Miami Symphony offers a colorful trip to Brazil

By Dorothy Hindman

"Rio São Francisco" by Militão dos Santos (2008).

On Saturday evening, the warm golden interior of the Adrienne Arsht Center’s Knight Concert Hall was suffused with a spectrum of orchestral colors, as the Brasil Classical Series presented “Journey to Brasil,” featuring the Miami Symphony Orchestra with guest musicians from the Youth Orchestra of Bahia.

The Brasil Classical Series promotes Brazilian symphonic music and performers, and Saturday’s program featured an array of premieres and debuts showcasing the breadth and vitality of Brazil’s classical music scene.

The U.S. premiere of André Mehmari’s Real and Imaginary Dances kicked things off.  Written as the required piece for the São Paulo Symphony Orchestra’s 2006 international conducting competition, the nine-movement suite put both the orchestra and conductor Eduardo Marturet through their paces.  Mehmari’s masterful orchestration was best in “Maracstrava,” combining a Brazilian maracatú with Stravinskian syncopation, and “Catala,” with Bernstein-inspired propulsive lines, jaunty rhythms and joyful tunes.  An extended “Pavana” featured rich dark lines from MISO’s violas and a sweet solo from concertmaster Daniel Andai.  Marturet shaped the gorgeous lines with a masterful touch.

Marturet also shone in Heitor Villa-Lobos’ Bachiana Brasileiras No. 2, a darkly moving journey through the Brazilian countryside. The work contrasts full-on Romantic melodies and scoring with the sly humor of jazz and choro, a Brazilian popular style.  Saxophonist Tom McCormick was featured prominently, taking freedom with his melodies to fine effect.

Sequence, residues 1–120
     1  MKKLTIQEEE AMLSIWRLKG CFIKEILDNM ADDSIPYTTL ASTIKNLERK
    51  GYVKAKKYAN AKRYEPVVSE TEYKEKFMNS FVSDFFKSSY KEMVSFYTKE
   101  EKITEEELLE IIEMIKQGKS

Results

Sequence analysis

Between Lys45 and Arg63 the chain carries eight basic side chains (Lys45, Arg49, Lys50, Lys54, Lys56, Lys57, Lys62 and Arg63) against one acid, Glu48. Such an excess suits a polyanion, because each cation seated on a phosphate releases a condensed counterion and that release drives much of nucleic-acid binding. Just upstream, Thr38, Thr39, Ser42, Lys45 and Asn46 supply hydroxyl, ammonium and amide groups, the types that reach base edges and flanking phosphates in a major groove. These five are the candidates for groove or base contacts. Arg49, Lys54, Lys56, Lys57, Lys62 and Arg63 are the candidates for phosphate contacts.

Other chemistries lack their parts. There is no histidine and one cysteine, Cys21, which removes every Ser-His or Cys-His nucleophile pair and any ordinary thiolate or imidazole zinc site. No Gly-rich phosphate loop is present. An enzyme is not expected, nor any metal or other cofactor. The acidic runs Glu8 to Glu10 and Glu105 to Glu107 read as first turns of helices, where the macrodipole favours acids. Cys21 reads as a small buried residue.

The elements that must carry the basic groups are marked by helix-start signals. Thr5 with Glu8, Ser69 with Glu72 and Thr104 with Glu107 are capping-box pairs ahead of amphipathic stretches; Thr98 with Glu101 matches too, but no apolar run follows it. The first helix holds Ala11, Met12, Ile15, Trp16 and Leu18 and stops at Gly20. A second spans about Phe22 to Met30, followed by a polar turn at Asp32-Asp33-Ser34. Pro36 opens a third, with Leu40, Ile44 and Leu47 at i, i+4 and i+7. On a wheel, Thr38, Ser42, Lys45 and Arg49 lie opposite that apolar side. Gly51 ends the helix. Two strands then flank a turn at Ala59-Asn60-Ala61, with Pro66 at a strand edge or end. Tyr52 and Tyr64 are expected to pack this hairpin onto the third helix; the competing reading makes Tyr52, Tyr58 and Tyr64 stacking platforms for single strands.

Also terrific was Karla Rojas’ spirited and rich-toned trombone solo that formed the backbone for the third movement, “Dança.”  The best came last in the Toccata, a programmatic work depicting a train journey.  From the percussion-driven opening to the colorful squeals of wheels and exhales of brakes at the end,the orchestra proved itself strong in every section, responding to the coloristic demands of the score with a tight, playful reading. Marturet’s enthusiastic conducting style was thrilling to watch, even if it did leave the musicians occasionally wondering about the beat.

Not one but two piano concertos followed, with Brasil Classical co-founder and artistic director Simone Leitão’s offering of Prokofiev’s Piano Concerto No. 1, Op. 10, and Mehmari performing the second movement of his Concerto Chorado. Leitão struggled with the muscular demands of the Allegro brioso, but came alive in the Andante assai, playing with passion and providing some ravishingly beautiful melodies within the challenging texture.  Carrying that fiery commitment into the third movement, she fused with the orchestra to provide a satisfying conclusion to the work.Mehmari’s lighter concerto in the choro style featured a unifying melody tinged with only the mildest dissonances.  From an extended piano solo, he sparingly introduced solo winds to great advantage as he built the music into a fiery central section.The 21-year-old Brazilian percussionist Yuri Azevedo was a standout. His poised handling of Lorenzo Fernandez’s Batuque had the orchestra responding with energy and enthusiasm through a blistering accelerando that brought the audience to its feet.  A surprise rendition of choro favorite Tico Tico no Fubá followed, featuring Azevedo in the percussion section.  This young talent is one to watch.

The program will be repeated 7 p.m. Sunday at the South Miami-Dade Cultural Arts Center.

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Sun Dec 11, 2011
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